When the Bills are in Your Name, You Wish You Had Learned More About Money
By Dan Kadlec
October 17, 2016
You can vote at age 18. You can walk into a bar at age 21. But you aren’t an adult until you move out of the basement and start paying your own mobile phone bill, new research suggests.
Parents may have been thinking this way for eons. But now young people are on board too. In a poll of 18-to-26-year-olds, 39% said finally achieving financial independence is what would make them an adult. That was the top answer, ahead of 7% naming graduating from high school or college and 7% naming getting married, according to the [f500link]Bank of America[/f500link] Better Money Habits poll. A stunning 62% do not feel like adults when they turn 18.
This is what the new life phase called emerging adulthood looks like. Young people routinely do not launch until they are 28 to 30 years old. They boomerang home after college, pay down their student loans, and wait for the job they want. They delay things like marriage and a home purchase—and, according to the survey, understand full well that they are not carrying the full weight of adulthood.
Fewer than half pay rent or have their own health insurance; only a quarter contribute to a 401(k) plan and just over half pay their own cell phone bill, the survey found. These young Millennials are acutely aware that they are unprepared for the financial world. Asked what they wish they had learned more about in school, personal finance was the top answer. Here’s a breakdown:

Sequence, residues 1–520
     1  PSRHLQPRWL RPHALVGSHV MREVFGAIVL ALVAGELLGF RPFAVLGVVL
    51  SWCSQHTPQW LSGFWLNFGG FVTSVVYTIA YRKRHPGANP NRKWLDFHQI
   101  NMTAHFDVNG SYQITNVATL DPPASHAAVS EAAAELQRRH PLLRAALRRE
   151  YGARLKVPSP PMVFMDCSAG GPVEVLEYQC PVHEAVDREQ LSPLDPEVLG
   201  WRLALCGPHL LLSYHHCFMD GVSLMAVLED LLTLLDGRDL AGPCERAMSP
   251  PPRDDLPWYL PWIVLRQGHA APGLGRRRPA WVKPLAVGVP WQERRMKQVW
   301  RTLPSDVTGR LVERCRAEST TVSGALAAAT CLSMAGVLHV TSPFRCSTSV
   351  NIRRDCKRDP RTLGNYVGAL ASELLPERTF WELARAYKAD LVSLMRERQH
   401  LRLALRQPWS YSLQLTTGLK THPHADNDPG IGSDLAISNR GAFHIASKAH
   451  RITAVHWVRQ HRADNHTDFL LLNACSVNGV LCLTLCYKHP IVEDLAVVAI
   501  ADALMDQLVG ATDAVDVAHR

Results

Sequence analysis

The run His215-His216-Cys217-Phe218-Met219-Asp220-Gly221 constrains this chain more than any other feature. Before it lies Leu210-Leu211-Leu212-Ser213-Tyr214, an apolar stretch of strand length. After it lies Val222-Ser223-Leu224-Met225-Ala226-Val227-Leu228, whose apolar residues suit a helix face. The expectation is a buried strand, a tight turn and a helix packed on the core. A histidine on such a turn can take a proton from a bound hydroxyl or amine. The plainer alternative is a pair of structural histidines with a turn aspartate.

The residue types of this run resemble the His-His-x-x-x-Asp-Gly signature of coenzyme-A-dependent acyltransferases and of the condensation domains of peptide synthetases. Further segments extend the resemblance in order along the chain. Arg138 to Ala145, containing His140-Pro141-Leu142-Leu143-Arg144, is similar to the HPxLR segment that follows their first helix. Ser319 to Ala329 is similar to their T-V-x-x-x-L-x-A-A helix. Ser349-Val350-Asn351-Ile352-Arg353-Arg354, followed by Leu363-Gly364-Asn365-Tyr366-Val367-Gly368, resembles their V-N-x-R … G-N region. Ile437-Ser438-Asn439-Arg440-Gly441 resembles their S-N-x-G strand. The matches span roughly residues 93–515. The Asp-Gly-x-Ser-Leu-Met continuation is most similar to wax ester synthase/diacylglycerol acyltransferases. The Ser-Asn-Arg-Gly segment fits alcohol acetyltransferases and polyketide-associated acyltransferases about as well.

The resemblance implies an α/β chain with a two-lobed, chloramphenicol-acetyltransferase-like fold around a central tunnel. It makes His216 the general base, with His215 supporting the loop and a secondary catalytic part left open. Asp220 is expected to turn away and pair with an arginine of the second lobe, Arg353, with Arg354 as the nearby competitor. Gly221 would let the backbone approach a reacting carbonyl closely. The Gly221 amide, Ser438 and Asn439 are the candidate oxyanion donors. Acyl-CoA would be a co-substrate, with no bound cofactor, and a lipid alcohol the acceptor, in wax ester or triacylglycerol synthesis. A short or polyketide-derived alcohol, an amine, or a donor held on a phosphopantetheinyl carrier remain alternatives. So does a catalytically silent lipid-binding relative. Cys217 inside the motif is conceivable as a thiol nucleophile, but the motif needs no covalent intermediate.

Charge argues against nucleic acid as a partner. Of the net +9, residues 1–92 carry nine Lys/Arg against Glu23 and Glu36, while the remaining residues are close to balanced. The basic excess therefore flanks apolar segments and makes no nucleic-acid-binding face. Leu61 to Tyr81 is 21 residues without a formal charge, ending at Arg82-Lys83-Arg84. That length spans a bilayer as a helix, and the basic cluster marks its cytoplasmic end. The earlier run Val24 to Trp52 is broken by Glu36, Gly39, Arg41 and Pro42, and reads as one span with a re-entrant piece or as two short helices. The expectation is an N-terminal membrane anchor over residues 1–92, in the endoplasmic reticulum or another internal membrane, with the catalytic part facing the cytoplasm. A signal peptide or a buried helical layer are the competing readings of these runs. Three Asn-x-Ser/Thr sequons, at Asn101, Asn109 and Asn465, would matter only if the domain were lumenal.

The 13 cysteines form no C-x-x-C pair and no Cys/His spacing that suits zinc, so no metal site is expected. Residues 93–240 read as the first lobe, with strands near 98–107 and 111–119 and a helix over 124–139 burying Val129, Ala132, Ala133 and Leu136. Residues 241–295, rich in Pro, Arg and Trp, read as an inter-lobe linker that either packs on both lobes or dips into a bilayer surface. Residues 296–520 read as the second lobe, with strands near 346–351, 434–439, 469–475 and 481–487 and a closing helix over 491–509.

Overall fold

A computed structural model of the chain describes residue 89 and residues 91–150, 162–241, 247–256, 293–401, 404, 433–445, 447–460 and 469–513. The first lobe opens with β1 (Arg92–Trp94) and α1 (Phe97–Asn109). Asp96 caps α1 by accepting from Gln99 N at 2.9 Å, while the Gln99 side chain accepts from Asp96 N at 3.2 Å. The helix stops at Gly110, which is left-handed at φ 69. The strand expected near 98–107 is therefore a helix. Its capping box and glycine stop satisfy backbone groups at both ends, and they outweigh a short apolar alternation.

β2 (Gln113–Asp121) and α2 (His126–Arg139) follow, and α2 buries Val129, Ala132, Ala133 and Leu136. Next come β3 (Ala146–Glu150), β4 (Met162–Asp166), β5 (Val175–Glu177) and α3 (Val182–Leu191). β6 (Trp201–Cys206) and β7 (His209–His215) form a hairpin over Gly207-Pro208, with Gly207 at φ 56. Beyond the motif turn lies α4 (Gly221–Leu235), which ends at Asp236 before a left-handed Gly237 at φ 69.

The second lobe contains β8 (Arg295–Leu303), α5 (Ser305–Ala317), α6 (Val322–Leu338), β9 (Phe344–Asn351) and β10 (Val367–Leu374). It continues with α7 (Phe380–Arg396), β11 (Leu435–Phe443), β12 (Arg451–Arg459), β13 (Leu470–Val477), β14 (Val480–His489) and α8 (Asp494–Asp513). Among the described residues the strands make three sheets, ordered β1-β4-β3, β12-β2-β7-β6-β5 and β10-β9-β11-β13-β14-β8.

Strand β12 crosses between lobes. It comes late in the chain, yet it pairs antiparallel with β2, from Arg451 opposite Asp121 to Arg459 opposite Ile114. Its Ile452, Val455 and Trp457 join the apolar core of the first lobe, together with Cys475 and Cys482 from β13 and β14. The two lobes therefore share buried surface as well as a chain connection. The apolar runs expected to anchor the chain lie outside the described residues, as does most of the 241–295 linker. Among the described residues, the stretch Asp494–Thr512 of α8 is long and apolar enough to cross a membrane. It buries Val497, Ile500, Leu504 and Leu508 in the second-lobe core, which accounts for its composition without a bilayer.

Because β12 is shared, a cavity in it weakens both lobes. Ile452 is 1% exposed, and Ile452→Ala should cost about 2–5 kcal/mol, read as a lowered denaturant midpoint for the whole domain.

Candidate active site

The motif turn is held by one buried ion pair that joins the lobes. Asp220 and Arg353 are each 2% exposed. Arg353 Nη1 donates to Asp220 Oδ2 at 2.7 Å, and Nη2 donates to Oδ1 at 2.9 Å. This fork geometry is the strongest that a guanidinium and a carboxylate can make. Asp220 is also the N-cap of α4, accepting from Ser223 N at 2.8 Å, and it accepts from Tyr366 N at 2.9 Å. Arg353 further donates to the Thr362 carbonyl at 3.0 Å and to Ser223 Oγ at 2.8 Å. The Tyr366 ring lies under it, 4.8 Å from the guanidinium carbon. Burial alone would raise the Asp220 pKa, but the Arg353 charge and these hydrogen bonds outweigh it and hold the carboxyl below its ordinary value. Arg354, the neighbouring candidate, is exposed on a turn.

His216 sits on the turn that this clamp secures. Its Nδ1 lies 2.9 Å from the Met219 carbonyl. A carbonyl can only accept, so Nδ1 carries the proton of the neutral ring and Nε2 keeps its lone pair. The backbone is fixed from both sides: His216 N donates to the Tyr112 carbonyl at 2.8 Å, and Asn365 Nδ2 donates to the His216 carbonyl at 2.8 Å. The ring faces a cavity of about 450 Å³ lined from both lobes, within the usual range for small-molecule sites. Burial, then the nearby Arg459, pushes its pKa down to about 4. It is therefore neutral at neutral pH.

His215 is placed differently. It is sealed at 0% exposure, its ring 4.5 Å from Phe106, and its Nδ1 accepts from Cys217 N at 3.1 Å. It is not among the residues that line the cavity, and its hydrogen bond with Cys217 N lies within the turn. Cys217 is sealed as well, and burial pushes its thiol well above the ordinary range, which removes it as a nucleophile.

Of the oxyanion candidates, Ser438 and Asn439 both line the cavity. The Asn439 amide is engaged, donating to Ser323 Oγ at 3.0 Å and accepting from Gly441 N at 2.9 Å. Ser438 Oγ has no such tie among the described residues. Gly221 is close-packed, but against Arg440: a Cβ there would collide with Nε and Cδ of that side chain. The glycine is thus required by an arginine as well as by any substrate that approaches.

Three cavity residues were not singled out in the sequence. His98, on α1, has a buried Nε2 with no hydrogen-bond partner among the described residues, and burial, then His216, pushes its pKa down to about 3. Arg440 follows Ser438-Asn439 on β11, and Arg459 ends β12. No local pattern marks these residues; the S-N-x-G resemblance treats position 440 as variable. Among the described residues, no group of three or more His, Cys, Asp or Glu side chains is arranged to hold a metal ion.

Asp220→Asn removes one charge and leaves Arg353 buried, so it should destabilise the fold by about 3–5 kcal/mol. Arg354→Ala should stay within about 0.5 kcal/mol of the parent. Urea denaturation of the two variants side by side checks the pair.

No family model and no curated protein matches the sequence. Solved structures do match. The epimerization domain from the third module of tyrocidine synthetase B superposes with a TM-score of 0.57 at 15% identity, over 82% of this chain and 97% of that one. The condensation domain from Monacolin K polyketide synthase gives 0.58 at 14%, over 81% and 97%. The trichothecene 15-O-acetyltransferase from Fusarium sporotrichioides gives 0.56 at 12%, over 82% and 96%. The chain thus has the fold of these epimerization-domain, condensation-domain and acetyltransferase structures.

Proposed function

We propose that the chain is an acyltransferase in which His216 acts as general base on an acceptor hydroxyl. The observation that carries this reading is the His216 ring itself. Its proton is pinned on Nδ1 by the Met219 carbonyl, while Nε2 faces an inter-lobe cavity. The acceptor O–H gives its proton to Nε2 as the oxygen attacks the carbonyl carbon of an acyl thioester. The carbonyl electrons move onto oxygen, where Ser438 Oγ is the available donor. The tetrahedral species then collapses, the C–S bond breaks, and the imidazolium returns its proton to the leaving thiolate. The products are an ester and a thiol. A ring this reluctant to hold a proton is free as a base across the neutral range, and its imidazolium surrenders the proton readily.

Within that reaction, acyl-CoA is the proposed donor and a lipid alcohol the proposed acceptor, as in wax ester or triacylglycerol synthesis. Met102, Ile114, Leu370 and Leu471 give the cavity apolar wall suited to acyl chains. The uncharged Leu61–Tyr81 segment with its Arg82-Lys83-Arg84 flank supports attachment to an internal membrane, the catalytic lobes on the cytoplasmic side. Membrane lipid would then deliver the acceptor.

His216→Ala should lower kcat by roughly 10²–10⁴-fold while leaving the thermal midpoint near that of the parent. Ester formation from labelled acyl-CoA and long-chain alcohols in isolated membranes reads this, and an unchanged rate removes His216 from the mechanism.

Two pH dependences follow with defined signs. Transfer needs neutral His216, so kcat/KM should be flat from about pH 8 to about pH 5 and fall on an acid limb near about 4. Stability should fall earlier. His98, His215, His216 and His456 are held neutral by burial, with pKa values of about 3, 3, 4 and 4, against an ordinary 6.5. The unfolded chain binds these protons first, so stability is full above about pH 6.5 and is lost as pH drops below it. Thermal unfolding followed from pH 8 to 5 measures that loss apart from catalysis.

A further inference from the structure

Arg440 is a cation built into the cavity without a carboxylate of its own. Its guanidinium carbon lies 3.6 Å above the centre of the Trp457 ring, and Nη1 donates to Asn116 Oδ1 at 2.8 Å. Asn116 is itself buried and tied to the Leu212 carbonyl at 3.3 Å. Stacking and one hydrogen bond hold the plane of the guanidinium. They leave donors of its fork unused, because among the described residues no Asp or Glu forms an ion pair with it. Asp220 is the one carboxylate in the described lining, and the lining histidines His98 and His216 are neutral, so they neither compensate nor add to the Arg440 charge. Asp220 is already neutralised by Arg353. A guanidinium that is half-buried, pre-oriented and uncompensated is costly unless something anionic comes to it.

43% wished they had learned how to invest;
40%, how to do taxes;
26%, how to manage monthly bills;
21%, how to save for retirement
In many cases, they intend to send a message in the election: 65% say economic issues are most important in determining who they will vote for, ahead of 34% putting cultural issues at the top. The economic issues that are top of mind include job growth, healthcare costs and college affordability.
These findings are echoed in a report from Fidelity, due out this week. That report is expected to show an increase in the number of Millennials living with parents. But there is an upside to that trend. More young people appear to have long-term savings and a near-term emergency fund. Living in the basement has its advantages.